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Asia League 2005-2006

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Old
07-27-2005, 05:29 AM
  #1
Tokyo Bucks
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Asia League 2005-2006

Asia League 2005-2006 season will be bigger (and hopefully more exciting) than the previous season with some key changes.

The only Russian team, Khavarovsk Golden Amur have withdrawn from the league (and the regular Russian league) from financial troubles. But two new teams have joined to make this a 9 team league! Expansion is obviously preferable to contraction in this new fragile state of this league.
http://www.alhockey.com/news/050722/index.html
The Swedish team Nordic Vikings based in Beijing should provide decent competition for the Asian clubs, and hopefully will be able to contribute towards stregthening Asian hockey in general, and particularly China.

Number of import players allowed has been changed to hopefully achieve more parity in a league that saw a team almost not win a game through the whole season. This coupled with making Japanese, Chinese, and Korean players not count as imports should hopefully help in making the league more interesting and exciting while improving Asian hockey.
http://www.alhockey.com/news/050628/index.html

Shjon Podein has signed with the Nikko-Kobe Ice Bucks! (Japanese press release)
http://www.icebucks.net/modules/news...php?storyid=50
Podein has been rumoured to be involved with the Bucks for the last couple of years, and he has finally arrived. Hopefully he'll invest in the cash strapped club team as well. I'm looking forward to seeing him play.

So, all in all, this should be an interesting 2nd year of the Asian League. Now that the teams have been announced, hopefully the schedule will be finalized and announced soon as well.

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07-30-2005, 06:44 PM
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Baron Von Shark
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That's interesting. I wonder how the attendance is / will be.

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08-02-2005, 11:53 PM
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Tokyo Bucks
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Attendance varied widely last year. About 1500-3000 for big drawing games in Japan, Khavarovsk, and the opening Chinese derby. But 500 people or less at many other games, especially in Seoul. Hopefully having a Korean derby will increase attendance there, but fans have to start being outward looking and pay attention to international matchups.

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08-03-2005, 03:58 AM
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Baron Von Shark
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Do us a favor and post frequent updates! Thanks.

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08-03-2005, 06:22 PM
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Has interest in hockey been increasing in Asia, especially since this league has been created?



Regardless, I hope the NHL gets into this picture; they should be helping fund this league, sending over coaches to give workshops (seems to have helped increase Isreal's play on the ice), and taking steps to help grow the game there from a grassroots level. They should talk to the cities that currently have teams, see if they can help fund the construction of more public rinks for ice hockey.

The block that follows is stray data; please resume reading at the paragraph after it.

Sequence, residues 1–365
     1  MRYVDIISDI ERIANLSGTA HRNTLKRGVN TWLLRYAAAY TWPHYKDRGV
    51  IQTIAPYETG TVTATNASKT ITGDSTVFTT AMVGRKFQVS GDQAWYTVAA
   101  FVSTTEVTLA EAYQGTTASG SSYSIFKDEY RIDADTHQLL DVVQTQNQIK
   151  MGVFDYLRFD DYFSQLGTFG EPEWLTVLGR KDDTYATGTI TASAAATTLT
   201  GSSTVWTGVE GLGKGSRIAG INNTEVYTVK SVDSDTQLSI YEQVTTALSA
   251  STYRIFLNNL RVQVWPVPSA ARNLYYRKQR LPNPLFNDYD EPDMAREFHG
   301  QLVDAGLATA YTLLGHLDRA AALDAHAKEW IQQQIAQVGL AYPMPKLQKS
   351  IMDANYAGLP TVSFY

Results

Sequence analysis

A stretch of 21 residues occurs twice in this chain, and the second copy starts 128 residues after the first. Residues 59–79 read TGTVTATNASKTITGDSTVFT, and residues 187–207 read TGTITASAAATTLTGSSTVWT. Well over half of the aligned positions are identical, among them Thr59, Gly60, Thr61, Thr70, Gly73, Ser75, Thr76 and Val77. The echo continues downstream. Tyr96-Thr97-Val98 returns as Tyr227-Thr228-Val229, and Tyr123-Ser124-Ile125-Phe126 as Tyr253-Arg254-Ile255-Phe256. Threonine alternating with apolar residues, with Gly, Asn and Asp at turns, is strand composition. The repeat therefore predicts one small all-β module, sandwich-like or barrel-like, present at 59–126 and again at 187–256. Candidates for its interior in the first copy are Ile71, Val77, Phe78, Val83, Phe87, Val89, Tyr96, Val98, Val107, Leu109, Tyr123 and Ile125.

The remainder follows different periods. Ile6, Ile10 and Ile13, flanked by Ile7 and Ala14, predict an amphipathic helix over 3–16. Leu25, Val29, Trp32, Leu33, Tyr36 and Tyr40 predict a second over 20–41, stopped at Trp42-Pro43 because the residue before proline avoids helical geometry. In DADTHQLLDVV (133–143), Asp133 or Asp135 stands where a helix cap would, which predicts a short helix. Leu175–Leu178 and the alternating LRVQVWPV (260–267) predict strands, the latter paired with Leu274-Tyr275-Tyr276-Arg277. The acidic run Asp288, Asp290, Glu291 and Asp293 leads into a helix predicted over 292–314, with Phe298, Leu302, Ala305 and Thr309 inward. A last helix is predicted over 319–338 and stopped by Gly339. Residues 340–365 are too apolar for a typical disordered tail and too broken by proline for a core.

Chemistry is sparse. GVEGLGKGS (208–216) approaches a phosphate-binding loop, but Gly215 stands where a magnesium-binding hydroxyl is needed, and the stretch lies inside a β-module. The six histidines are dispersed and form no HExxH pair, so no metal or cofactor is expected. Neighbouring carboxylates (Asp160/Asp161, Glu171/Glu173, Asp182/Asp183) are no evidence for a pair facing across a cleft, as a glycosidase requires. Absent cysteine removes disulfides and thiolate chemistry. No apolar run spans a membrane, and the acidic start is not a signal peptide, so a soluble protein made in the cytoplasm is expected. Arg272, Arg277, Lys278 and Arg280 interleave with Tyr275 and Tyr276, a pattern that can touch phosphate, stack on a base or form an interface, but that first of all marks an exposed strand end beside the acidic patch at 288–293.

People might ask what is the point, but really it's all about growing the talent pool for NHL teams to draft from, if hockey took off in Asia the benefits would not only be seen on the ice in the NHL, and in their pocketbooks because new marketing oppurtunities that would be opened up by having a Chinese and or Japanese hockey star.

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08-04-2005, 12:00 PM
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hunter orange
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Tokyo Bucks:

I think you're reading too much into the attendance records when you assess Korean pro hockey. The venue in Korea is actually not in Seoul, it's in a satellite city called Anyang. Further, the rink is in a "multiplex" and was designed for short-track competitions. It doesn't take long before it's standing room only. I'm not sure what the seating is, but it can't be much more than 500. It's not at all a "hockey" rink. Not the most attractive venue when you're trying to bring new fans into the fold.

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08-04-2005, 08:58 PM
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I've actually seen a game at Anyang. Nice newish complex, though the rink gets overshadowed by the multipurpose stadium and gymnasium and all.

The game I went to against the now defunct(?) Khavarovsk Golden Amur (damn they had a cool uniform..) had an announced attendance of about 500 people, and there were plenty of unoccupied seats, let alone standing room. I reckon that place actually fits about 1000 spectators. But you're right, it's way out in the suburbs, not an ideal location.

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08-12-2005, 04:46 PM
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Go to Tokyo a lot - will check out

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08-18-2005, 12:49 AM
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Player signing for Asian league

Kangwon Land, one of the Koran teams, has signed Dan Donnette from the Central Hockey League's Amarillo Gorillas. I know he's no Shjon Podein in terms of Star Power, but he's a solid AA player who should help lend some visibility to the league among North American players:
http://www.amarillogorillas.com/wmne....php?ArtID=437